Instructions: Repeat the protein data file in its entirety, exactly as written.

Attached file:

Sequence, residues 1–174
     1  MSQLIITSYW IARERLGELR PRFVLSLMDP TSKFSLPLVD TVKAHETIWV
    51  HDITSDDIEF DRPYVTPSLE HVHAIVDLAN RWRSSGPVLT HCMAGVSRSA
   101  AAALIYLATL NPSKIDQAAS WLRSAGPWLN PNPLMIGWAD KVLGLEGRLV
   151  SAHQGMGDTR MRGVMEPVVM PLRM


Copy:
Sequence, residues 1–174
     1  MSQLIITSYW IARERLGELR PRFVLSLMDP TSKFSLPLVD TVKAHETIWV
    51  HDITSDDIEF DRPYVTPSLE HVHAIVDLAN RWRSSGPVLT HCMAGVSRSA
   101  AAALIYLATL NPSKIDQAAS WLRSAGPWLN PNPLMIGWAD KVLGLEGRLV
   151  SAHQGMGDTR MRGVMEPVVM PLRM